• Create a captured center from the start (do-it-yourself in captivity) can be successful if the client organization has the necessary resources, local expertise and market knowledge. The decision to set up a private center for captivity can grow organically through growth. The organization can independently conduct extensive due diligence or purchase an existing business with activities at the chosen location.
  • Build-Operate-Transfer (BOT) approach means working with an external supplier to establish and stabilize the center. The supplier is responsible for the initial installation, personnel and activities of the captive center during the predetermined period. Ownership is transferred to the customer at the end of the contract period. In this way, the organization takes over the turnkey captive center, tailored to its specific needs. BOT option best suits organizations that lack local expertise or extensive resources. With this type of engagement, only logistics related to the layout of the captive center is outsourced. Build-Operate-Transfer optimally combines the control element of the pure captive model with flexibility of outsourcing. Essentially it offers maximum control with minimal risk.

Main advantages of your own internal center:

  • Continuous realization of real cost savings
  • Full operational control and monitoring
  • Full ownership after the transfer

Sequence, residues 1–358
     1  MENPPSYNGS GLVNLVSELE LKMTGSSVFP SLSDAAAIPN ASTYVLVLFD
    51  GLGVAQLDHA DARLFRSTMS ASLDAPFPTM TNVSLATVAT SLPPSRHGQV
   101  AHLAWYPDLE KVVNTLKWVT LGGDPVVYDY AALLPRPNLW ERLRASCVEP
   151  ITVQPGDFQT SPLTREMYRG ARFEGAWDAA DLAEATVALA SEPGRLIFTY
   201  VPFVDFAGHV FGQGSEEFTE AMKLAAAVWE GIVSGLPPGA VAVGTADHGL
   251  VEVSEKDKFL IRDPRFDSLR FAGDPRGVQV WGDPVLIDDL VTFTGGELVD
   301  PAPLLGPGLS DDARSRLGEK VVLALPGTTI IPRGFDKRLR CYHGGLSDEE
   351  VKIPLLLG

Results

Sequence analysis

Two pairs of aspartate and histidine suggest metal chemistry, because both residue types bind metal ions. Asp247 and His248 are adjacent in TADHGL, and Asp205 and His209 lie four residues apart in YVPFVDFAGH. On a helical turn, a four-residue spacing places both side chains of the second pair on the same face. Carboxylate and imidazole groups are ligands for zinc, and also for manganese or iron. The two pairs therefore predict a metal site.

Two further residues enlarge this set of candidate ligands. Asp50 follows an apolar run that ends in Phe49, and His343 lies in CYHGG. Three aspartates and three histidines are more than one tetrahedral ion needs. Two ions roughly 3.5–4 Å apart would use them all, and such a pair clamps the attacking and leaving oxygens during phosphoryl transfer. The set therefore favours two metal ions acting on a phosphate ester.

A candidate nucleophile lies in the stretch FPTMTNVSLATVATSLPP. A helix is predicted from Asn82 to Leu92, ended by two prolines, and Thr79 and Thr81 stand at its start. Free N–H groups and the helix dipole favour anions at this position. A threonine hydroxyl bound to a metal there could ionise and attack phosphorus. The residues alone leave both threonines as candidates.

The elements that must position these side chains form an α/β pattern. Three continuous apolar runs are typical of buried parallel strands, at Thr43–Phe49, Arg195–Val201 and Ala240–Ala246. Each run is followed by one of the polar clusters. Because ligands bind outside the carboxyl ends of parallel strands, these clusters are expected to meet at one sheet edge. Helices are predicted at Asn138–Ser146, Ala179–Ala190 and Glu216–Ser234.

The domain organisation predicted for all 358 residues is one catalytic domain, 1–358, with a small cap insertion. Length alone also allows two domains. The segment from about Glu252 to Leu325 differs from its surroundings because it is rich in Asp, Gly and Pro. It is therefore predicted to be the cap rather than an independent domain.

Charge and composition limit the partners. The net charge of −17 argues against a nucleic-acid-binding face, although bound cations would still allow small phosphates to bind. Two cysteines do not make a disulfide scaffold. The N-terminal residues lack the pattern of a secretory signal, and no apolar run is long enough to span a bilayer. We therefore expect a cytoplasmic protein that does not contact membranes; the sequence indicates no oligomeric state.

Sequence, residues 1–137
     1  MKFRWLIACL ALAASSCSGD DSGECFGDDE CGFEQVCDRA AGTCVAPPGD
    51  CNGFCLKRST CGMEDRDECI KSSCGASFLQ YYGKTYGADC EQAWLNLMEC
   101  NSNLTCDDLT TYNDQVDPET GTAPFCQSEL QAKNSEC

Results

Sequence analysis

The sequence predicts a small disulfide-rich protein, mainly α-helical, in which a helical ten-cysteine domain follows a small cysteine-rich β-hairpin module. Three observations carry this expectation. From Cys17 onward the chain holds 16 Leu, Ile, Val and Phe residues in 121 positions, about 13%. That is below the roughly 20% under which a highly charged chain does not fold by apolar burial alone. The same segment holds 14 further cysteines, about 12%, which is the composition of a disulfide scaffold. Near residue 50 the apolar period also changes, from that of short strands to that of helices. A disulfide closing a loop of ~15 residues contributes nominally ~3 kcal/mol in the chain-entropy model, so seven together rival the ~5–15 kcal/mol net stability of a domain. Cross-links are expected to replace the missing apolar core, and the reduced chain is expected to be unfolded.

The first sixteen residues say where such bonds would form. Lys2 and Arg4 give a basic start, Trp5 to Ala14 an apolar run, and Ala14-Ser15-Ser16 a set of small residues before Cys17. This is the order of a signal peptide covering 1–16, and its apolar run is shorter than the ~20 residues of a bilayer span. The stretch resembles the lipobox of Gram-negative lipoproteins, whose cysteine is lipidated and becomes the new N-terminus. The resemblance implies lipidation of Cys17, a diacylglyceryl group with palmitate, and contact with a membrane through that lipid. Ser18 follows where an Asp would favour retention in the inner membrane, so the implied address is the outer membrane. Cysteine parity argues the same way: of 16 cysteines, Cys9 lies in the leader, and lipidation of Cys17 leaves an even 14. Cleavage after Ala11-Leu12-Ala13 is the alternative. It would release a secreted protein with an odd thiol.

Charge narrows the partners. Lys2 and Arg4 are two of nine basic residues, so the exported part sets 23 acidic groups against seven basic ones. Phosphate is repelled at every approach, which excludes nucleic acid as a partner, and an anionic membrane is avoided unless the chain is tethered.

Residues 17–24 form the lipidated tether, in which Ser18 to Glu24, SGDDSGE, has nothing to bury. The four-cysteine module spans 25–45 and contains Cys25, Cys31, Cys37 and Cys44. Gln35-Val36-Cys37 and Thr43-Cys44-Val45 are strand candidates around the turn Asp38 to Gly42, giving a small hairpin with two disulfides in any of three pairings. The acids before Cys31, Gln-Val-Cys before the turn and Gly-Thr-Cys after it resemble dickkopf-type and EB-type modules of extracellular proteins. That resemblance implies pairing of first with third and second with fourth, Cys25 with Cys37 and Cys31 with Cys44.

• Minimization of intellectual property and data security risks
  • Retain industry knowledge, specific business processes and techniques
  • Improved communication through continuous reinforcement and experience
  • Easy replication of the parent organization’s processes
  • Captive center can be commercialized at some point in the future

Both outsourcing and captive activities have similar drivers (cost savings and competitive pressure in the first place) and special benefits, but the main factors for choosing one or the other vary.

Both approaches will bring benefits in terms of improved focus, optimization of processes, reduction of operational costs, faster time-to-market etc. But companies must thoroughly evaluate each option to identify one that best suits their specific requirements, company culture and strategic goals.

The approach chosen will depend on whether the primary driver is short-term cost savings or whether the company has a long-term vision for offshoring / nearshoring and wants to maintain control over processes and intellectual property.

Establishment of a coastal internal center in Ukraine via bone model

If software development is a core competency of your business and you have long-term specialized resource requirements, it makes sense to build your own capabilities to support the full software lifecycle, secure intellectual property and build specific know-how. Today, this process is not as difficult as it used to be. The key to success is to find a trusted partner who is already active in the rural environment. This allows you to benefit from:

  • Clearly defined setting methodology and timeline
  • Planned step-by-step implementation
  • Responsibility for all logistics related to setting up an internal center
  • Practical knowledge of setting up an IT business and dealing with related legal and contractual issues
  • Deep understanding of cost and effort components associated with setting up and running a software development center in the offshore / nearshore country
  • Hands-on experience in software engineering, widely recognized methodologies, processes and quality assurance that can be adapted to the captive center
  • Established HR practices, experience in recruiting qualified IT personnel
  • Attention to addressing security and business continuity issues
  • Advice and support during the installation process
  • High degree of business commitment and responsiveness
  • Flexible customer-specific approach



Source by Hans Kriniger